Jeffrey Graf published, on the website of Indianan Notes and Queries, an exhaustive survey (revised in February, 2007) of the surmises about the nickname Hoosier. In 1995 William D. Piersen, and in 2007 Jonathan Clark Smith devoted articles to Hoosier’s early days (both appeared in the Indiana Magazine of History), and I am returning to this chestnut mainly because all three authors, though extremely well-informed, missed a work that, in my opinion, deserves attention.
The starting point for everyone interested in the history of Indiana’s nickname is a brochure with the title The Word Hoosier By Jacob Piatt Dunn and John Finley By Mrs. Sarah A. Wrigley (His Daughter). Indiana Historical Publications, volume IV, number 2. Indianapolis: The Bobbs-Merrill Company, 1907, 29pp. John Finley was the author of the poem The Hoosier’s Nest (1833) that seems to have made the soubriquet recognized by a wide audience. The poem takes up three pages of small print. The painstaking research was carried out by Dunn, who knew most of the silly conjectures, as well as the few plausible hypotheses, on the etymology of Hoosier and offered an explanation of his own. He had a healthy attitude toward etymological folklore, for he realized how little trust can be put into stories of the type “I was there and know the facts.” Thus, in 1929 Oscar D. Short brought out his recollections in the Indiana Magazine of History (volume 25) that begin so: “There has been a tradition in our family, which I have known since boyhood, that Aaron Short, an older brother of my grandfather, gave to the inhabitants of Indiana the name ‘Hoosier’.” The story appeared four years after Dunn’s death, but, if he had read it, he would have found nothing new for himself in it: a very strong man, so Short recounts, was victorious in a fight, jumped up, and shouted: “Hurrah for the Hoosier” (perhaps he tried to say: husher or hussar). Both versions—of Hoosier going back to husher or being a “corruption” of hussar—were familiar to Dunn. The editors of the Indiana Magazine of History had no illusions about the verisimilitude of Short’s recollections; yet they decided to add a new piece of legendary material to the Hooseriana. The authors of fibs like Short’s believe in them wholeheartedly, but such is all folklore. Even the storytellers who know the most fantastic fairy tales, when asked whether they think that enchanted castles and boys becoming ravens at the will of an evil stepmother exist, tend to answer evasively that, of course, such things do not happen here, but at one time and elsewhere…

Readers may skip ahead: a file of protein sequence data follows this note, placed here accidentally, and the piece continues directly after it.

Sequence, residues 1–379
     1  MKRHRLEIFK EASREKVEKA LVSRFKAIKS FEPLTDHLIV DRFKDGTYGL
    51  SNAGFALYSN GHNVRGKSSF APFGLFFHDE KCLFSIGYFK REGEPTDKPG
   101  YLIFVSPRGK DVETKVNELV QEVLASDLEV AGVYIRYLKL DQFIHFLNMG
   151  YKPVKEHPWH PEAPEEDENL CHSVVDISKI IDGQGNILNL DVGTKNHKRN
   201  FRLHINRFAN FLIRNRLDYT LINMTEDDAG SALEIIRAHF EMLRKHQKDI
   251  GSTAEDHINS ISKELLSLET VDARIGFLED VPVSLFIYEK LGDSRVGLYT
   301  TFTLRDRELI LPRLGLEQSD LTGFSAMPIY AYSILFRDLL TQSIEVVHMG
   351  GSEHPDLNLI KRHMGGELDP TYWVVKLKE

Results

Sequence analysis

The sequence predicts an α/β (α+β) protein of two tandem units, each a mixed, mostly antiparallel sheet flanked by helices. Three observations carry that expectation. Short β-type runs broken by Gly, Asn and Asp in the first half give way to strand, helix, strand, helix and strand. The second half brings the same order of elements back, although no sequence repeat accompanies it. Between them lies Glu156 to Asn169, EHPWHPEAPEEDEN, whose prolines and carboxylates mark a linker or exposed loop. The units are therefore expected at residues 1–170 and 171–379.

Smith accords Short’s story a measure of respect. However, Hoosier, as far as we can judge, has always been pronounced with the vowel of hoo. For this reason alone, the suspicious word husher “stiller” (a person so strong that he can “hush, still” anyone) is an unlikely etymon (source) of Hoosier, and could hussar have been such an active word in the man’s vocabulary that he would recall it in midair? It is also Smith’s contention that Hoosier reflects “local pride” rather than “southern scorn.” The OED quotes from a letter allegedly written in 1826, the first extant text believed to have the word in question. As it seems, the date is wrong, and we have to accept Smith’s conclusion that there is no documented use of Hoosier prior to the thirties. But his other contention, namely, that Hoosier emerged with reference to the Indiana boatmen and, far from being a “slur,” showed how people reveled in being called Hoosiers, is harder to accept.
The traditional theory has it that Hoosier originated in the South as a term of contempt, a word like yokel, hayseed, rube, bumpkin, hillbilly, clodhopper, jake, backwoodsman, and dozens of others; that in Indiana it lost its offensive connotations; and that it retained its negative sense outside the state. This reconstruction agrees with what we know about such situations. Peripheral areas usually preserve archaic features, be it phonetics, grammar, or vocabulary. The adoption by political parties and religious groups of the opprobrious names that in the beginning their enemies and denigrators coined in contempt has often been recorded: such is the history of Tory, Whig, and Quaker. The ties of Hoosier to the rest of the South are too numerous to be ignored, and outside Indiana references to those who are called Hoosiers are never complimentary.